I wanna' say thanks to those of you who have stuck with the whole Sunday Team series. I hope these posts were a help to worship leaders and pastors alike!

To wrap up the series, I wanna' offer some very practical tips for worship leaders AND pastors. If you've read through the whole series, you might have realized that your ministry needs some work. I encourage you to try some of these steps! We'll kick off with some recommendations for worship leaders.


Maybe it’s a weekly lunch or your families get together for a cookout; maybe it’s going to a movie or catching up one morning over coffee. These aren’t ministry meetings - they’re just times where you and your pastor can be yourselves and get to know each other better. Here are some ways to make hangouts happen.

Be the initiator. You create the hang. Your pastor is very busy and really doesn't need another thing to plan. Take the initiative and look for ways you two can hangout.

Be honest. Many pastors break out in hives when asked to lunch. Why? Because nine times out ten, that lunch means someone is upset and wants to talk. For your hangouts, let your pastor know there's no agenda - it's just a time to catch up.

Be realistic. If you've conflicts with your pastor in the past, the hangout may be a little harder to pull off. Confess you’ve been way too negative and dramatic in the past and you want to do a better job of supporting your leader.


Make it a priority to keep in touch with your pastor. A text or email is often the perfect way to make sure you’re up-to-date on what’s going on in the ministry. Don’t be a nuisance, but do be diligent.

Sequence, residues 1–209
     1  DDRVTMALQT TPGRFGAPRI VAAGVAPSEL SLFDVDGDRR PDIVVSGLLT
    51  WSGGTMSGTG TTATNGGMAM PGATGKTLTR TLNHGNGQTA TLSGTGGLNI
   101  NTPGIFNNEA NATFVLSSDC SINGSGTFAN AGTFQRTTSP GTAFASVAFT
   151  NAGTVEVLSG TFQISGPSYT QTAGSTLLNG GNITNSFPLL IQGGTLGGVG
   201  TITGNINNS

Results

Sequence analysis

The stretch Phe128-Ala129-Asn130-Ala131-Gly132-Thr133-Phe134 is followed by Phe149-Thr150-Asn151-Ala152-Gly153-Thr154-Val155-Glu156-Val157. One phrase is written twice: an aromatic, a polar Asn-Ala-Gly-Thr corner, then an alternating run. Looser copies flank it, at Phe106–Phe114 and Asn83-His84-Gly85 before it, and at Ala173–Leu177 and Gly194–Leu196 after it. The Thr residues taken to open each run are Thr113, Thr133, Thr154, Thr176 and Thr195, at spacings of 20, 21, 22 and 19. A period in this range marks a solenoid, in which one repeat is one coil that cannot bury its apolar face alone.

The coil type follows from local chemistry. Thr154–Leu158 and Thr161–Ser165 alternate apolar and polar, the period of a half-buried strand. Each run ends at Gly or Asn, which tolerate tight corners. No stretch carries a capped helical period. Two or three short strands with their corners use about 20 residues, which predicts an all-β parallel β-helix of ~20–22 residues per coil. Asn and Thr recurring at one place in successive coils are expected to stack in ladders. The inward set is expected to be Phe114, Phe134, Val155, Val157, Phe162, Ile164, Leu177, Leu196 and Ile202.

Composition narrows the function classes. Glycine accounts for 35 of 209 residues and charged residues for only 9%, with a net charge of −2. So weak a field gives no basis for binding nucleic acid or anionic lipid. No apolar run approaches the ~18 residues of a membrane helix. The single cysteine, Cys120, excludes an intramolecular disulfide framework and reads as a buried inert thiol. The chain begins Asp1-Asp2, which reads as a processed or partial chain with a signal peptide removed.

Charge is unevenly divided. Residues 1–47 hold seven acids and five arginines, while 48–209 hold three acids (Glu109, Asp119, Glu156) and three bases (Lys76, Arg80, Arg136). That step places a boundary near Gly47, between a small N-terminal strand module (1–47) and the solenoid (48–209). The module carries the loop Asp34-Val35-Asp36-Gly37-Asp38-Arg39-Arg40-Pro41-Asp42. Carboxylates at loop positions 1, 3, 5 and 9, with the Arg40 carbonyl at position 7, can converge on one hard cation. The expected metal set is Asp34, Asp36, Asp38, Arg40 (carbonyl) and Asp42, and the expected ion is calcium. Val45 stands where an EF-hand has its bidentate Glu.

Check in WITH the pastor. Try to find out a time during the week where your pastor is the most free to discuss or think through church planning. This isn't a long conversation; just a heads-up communique to make sure you're on the same page.

Check in FOR the pastor.
Sometimes, the check-in is more beneficial to your pastor than it is for you. Worship leaders with particularly obsessive or detail-oriented pastors will bless their bosses by checking-in. If this is your situation, make a point to contact your pastor a couple times each week as an update on what you're doing and planning. It will make your pastor's life a lot easier!

Check in TO BUILD UP the pastor.
Ever get one of those random texts that say “You’re awesome!” or “I believe in you!”? They feel great, don’t they? Your pastor doesn’t get many of those. We ought to be sending one of those to our leaders every single week. A simple “you can do it” will work wonders in a stressed out pastor’s life.


Your pastor is also your boss. And as a rule, bosses doesn’t enjoy cleaning up after their employees. If you’re a relational wreck or seriously disorganized, that stuff will come back to your pastor and will hurt your relationship. You can ensure a lot more peace if your work is done with excellence.

Handle conflicts. If you’re bad at counseling, get better at it. If you’ve got two bandmates that want to kill each other, get in there. There’s nothing wrong for calling in help when you need it, but too many worship leaders pull the ripcord when things get too tough. And that usually means the conflict ends up on the pastors desk.